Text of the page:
The Senate passed its tax reform bill in the early hour of Saturday morning, following a day full of Republican leaders making changes to bring enough members on board and a long night full of heated rhetoric on both sides of the aisle.
The vote was 51-49, mostly along party lines. Sen. Bob Corker of Tennessee was the only Republican to vote against the bill, citing concerns about growing the deficit.
Congressional negotiators continued to make changes to the bill -- including handwriting alterations on to the document -- up until just hours before the final vote, with Democrats sharply criticizing Republicans for not giving members enough time to read the sweeping legislation that would overhaul the US tax system.
The House of Representatives approved its own tax reform plan last month, and the two chambers are expected to go to conference to reconcile the two bills, but passing the legislation Saturday was a huge victory for Senate Republicans and President Donald Trump, both looking for significant legislative achievements.
Arizona Sen. Jeff Flake, a key holdout, announced just after noon that he would back the plan. Republicans could pass the legislation with 50 members and a tie-breaking vote from Vice President Mike Pence, but after Sen. Susan Collins of Maine announced her support Friday afternoon, Pence's would-be vote was unnecessary, as Collins' vote brought the tally to 51. Sen. Bob Corker of Tennessee is the only expected Republican to vote no.
"We have the votes," Senate Majority Leader Mitch McConnell said walking to the Senate floor following a conference meeting Friday.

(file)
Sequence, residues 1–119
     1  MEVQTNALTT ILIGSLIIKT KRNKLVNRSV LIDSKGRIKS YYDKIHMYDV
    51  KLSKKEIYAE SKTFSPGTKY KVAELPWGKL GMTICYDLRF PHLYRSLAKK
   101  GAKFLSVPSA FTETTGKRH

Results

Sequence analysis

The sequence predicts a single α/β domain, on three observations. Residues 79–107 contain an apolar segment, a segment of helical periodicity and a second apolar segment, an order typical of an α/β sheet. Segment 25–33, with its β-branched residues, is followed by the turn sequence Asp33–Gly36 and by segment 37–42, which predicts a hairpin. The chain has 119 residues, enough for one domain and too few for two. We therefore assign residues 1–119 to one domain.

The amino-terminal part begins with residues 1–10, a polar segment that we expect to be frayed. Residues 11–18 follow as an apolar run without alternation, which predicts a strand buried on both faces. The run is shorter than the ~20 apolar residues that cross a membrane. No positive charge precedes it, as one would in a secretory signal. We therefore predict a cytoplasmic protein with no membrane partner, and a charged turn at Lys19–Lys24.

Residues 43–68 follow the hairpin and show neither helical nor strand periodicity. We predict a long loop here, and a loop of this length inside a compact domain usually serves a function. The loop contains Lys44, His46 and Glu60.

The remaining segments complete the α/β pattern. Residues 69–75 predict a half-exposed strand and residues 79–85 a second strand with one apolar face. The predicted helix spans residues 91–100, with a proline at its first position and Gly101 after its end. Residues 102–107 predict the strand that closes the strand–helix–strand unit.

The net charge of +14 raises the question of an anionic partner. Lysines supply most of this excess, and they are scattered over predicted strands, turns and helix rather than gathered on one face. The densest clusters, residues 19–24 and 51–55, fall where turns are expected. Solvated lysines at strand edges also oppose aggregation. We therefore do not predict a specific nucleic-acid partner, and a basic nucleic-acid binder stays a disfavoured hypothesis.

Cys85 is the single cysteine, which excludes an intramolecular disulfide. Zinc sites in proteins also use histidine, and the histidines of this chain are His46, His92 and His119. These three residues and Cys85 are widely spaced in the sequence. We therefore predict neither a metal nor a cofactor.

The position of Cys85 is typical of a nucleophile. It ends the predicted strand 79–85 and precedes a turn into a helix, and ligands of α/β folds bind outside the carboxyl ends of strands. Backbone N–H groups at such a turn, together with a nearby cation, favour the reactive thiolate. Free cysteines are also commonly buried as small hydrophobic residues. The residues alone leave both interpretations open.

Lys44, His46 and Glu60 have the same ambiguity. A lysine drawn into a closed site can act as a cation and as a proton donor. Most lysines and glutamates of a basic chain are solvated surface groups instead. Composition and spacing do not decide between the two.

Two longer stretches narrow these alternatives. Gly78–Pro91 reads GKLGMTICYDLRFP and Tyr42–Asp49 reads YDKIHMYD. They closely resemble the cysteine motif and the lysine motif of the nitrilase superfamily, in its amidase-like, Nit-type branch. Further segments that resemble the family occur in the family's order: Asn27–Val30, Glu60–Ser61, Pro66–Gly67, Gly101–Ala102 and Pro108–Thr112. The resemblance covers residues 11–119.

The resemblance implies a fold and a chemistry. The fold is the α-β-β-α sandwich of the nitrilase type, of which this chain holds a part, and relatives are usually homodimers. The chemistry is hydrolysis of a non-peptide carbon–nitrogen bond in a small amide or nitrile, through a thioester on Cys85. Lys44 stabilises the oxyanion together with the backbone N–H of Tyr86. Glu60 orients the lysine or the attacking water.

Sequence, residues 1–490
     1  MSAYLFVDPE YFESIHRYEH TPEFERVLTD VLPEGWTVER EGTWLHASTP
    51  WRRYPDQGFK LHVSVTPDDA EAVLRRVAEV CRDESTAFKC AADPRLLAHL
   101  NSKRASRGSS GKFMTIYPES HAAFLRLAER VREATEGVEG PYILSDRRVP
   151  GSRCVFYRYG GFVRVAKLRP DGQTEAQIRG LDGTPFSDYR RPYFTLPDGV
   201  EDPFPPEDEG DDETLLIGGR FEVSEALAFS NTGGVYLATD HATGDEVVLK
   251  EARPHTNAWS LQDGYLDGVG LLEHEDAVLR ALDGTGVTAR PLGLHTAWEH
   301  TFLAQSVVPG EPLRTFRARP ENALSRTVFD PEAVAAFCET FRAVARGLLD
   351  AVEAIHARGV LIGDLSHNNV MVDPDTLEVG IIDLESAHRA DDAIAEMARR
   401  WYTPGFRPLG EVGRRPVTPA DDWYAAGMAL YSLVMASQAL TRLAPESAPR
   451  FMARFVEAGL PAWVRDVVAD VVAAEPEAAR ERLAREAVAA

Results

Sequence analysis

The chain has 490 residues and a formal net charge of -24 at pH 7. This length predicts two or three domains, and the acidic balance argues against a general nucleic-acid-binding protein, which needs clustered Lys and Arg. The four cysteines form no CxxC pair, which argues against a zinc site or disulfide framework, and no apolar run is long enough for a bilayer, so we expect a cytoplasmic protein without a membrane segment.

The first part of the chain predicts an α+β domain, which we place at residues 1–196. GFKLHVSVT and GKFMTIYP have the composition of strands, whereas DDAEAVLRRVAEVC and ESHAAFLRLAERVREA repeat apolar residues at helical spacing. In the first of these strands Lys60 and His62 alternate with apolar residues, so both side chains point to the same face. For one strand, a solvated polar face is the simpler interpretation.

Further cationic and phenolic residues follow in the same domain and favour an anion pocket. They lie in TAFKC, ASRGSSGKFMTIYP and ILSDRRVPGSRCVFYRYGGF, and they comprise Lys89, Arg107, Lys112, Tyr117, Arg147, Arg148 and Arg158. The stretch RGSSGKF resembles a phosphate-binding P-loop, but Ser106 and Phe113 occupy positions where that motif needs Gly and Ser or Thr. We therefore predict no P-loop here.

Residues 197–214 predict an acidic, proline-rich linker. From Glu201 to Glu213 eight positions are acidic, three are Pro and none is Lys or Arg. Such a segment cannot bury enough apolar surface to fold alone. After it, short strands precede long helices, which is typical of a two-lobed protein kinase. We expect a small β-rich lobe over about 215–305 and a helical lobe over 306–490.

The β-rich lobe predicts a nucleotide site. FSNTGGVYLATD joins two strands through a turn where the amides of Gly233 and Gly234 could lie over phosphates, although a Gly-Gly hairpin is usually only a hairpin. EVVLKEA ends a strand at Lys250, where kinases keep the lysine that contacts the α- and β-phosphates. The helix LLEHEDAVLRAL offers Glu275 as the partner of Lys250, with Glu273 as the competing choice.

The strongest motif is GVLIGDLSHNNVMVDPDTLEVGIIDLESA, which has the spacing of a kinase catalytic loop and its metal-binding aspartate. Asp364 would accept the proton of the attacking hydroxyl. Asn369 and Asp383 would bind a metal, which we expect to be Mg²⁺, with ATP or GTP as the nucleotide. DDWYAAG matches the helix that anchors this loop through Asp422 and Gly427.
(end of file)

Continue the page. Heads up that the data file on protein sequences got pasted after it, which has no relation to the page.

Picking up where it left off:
Following the vote in the chamber -- which happened just before 2 a.m. ET -- Republicans bestowed a hefty number of backslaps and handshakes with lawmakers who have been integral in the process including Sen. Pat Toomey of Pennsylvania and Rob Portman of Ohio. While Senate Whip John Cornyn of Texas stood over the vote tallying sheet watching it closely, McConnell stood to the side. At one point the Majority Leader looked up at Pence, who was presiding, pointed at the VP, winked, and gave him a thumbs up.
In a public statement announcing his support, Flake said he was given promises from Senate GOP leadership and the Trump administration for a "growth-oriented legislative solution" to protect recipients of the Deferred Action for Childhood Arrivals program.
Republican leaders were racing Thursday night and Friday morning to find support for the bill, hoping to avoid a repeat of the health care bill debacle this summer that left them empty handed. Tensions were running high in the Senate, where Republican tax writers were reworking the tax bill, trying to find a way to satisfy competing interests and shore up votes.
The bill received a major boost Friday morning when Daines announced he would back the bill, after he was assured of "significant tax relief for Main Street businesses." Johnson later Friday morning issued a statement supporting the bill.
Senate Republicans met earlier in the Strom Thurmond Room of the Capitol to continue the bill's negotiation Friday morning. Collins, a key undecided vote, said GOP leaders are still "working through a few more of my issues" but as she was walking toward the conference meeting, she said, "We're making great progress."
But behind the scenes, Republican members and aides were fuming at Corker, who was demanding last-minute offsets for the GOP tax bill out of fear that it would raise the deficit. Corker's demands weren't entirely new, but were crystallized further Thursday afternoon when the Joint Committee on Taxation, the independent tax scorekeeper, announced that even with projected economic growth, the Republican tax bill still would add more than $1 trillion to the deficit over 10 years. Then, Corker learned that a trigger he demanded in the tax bill that would automatically increase taxes if the tax legislation didn't generate the growth that Republicans anticipated, wouldn't pass Senate rules and couldn't be included.